Four-step travel model

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Illustration of the Four-step travel model [1]


The four-step travel model is a ubiquitous framework for determining transportation forecasts that goes back to the 1950s. It was one of the first travel demand models that sought to link land use and behavior to inform transportation planning[2]. Originally applied in the highway planning context, the model was expanded in the 1970s and 1980s to include multimodal trips and improved modelling techniques[2].

The Four Steps

The four steps are described as follows:[3]

Trip Generation

Trip generation determines the frequency of origins or destinations of trips in each zone by trip purpose, as a function of land use, household demographics, and other socioeconomic factors.

Trip Distribution

Trip distribution matches origins with destinations, often using a gravity model– a calculation that takes into account the relative activity at the origin and destination as well as the travel cost to go between them[4].

Mode Choice

Mode choice computes the proportion of trips between each origin and destination that use a particular transportation mode. (This modal model may be of the logit form, developed by Nobel Prize winner Daniel McFadden.)

Route Assignment

Route assignment allocates trips between an origin and destination by a particular mode to a route. Often (for highway route assignment) Wardrop's principle of user equilibrium is applied (equivalent to a Nash equilibrium), wherein each driver (or group) chooses the shortest (travel time) path, subject to every other driver doing the same. The difficulty is that travel times are a function of demand, while demand is a function of travel time, the so-called bi-level problem. Another approach is to use the Stackelberg competition model, where users ("followers") respond to the actions of a "leader", in this case for example a traffic manager. This leader anticipates on the response of the followers.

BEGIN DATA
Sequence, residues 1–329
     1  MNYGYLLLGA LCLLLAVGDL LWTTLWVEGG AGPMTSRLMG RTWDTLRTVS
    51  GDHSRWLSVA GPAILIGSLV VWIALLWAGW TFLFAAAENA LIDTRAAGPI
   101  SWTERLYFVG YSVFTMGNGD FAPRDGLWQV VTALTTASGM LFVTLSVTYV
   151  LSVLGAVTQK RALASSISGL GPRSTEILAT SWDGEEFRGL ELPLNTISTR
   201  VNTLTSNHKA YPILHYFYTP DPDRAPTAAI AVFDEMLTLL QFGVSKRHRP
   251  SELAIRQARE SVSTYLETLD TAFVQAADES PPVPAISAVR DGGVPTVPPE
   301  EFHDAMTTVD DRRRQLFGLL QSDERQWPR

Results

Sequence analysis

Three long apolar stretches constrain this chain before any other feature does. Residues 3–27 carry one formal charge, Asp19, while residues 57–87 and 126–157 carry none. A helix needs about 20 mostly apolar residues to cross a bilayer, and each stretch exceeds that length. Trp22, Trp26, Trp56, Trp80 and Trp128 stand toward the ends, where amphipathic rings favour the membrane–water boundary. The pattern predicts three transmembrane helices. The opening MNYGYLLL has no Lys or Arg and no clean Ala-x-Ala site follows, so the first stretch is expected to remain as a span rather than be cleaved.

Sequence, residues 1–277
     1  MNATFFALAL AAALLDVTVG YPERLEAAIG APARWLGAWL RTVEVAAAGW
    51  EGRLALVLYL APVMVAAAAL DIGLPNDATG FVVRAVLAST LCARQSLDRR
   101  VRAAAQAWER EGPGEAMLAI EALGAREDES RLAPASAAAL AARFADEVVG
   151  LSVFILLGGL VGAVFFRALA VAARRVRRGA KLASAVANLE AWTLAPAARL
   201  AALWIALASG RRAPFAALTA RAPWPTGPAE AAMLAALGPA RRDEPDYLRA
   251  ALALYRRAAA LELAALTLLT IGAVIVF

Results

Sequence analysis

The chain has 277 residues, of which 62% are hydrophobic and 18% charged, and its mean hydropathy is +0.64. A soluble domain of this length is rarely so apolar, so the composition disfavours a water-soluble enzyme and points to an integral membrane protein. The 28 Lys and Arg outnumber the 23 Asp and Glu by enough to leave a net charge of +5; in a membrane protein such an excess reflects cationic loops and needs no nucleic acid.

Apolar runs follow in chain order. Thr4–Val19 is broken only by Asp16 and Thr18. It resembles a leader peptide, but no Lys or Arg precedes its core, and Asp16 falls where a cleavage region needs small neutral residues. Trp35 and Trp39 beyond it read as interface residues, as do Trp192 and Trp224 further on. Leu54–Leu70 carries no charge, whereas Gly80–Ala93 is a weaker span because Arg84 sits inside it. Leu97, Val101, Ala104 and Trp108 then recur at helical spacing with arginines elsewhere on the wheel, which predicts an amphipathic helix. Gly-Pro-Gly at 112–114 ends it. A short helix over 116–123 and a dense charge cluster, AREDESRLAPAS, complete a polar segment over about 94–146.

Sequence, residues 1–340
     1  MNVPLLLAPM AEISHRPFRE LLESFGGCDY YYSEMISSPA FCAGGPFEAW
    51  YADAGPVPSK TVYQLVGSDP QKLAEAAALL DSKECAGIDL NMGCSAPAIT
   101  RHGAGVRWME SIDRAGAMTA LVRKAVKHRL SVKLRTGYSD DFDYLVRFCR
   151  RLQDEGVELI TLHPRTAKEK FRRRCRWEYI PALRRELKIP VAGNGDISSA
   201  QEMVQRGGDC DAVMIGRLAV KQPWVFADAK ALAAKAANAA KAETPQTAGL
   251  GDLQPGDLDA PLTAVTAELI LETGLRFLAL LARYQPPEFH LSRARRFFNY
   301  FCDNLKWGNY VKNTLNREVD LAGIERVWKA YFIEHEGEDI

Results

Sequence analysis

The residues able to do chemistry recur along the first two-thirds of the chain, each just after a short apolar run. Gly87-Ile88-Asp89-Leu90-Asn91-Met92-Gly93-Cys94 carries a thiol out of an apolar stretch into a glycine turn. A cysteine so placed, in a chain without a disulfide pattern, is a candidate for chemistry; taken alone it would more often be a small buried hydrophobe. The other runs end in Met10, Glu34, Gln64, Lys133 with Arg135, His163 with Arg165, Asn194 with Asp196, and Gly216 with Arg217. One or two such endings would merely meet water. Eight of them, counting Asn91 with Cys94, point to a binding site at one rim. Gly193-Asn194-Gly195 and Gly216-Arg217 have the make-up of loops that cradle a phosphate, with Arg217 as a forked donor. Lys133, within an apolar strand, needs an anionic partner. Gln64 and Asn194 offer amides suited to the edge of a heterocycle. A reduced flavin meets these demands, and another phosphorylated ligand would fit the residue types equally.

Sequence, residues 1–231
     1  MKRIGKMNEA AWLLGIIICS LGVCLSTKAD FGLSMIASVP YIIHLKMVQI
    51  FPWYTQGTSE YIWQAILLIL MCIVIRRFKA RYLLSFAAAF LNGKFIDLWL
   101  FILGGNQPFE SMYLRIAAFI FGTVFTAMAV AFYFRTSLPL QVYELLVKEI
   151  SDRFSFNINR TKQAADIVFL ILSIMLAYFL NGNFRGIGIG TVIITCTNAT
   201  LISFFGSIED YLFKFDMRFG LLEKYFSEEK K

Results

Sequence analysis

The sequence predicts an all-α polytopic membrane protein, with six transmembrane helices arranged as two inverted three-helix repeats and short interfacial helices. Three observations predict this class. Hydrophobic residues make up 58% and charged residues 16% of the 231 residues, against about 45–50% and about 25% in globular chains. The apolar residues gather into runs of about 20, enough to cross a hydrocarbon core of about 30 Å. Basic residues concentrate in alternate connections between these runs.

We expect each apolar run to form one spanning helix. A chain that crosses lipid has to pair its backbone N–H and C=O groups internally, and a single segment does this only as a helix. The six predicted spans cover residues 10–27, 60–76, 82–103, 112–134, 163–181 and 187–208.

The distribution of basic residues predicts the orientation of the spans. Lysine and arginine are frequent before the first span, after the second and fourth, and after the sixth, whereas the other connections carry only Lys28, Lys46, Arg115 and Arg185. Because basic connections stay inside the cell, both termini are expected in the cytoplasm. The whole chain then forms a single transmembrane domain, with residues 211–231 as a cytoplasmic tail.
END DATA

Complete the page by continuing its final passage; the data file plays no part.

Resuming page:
Further Reading

Wikipedia. "Trip Distribution"


  1. Metropolitan Washington Council of Governments. Accessed December 2019.
  2. 2.0 2.1 McNally, Michael G. "The four step model." (2000). p. 4
  3. Wikipedia: Four-step models
  4. McNally, Michael G. "The four step model." (2000). p. 13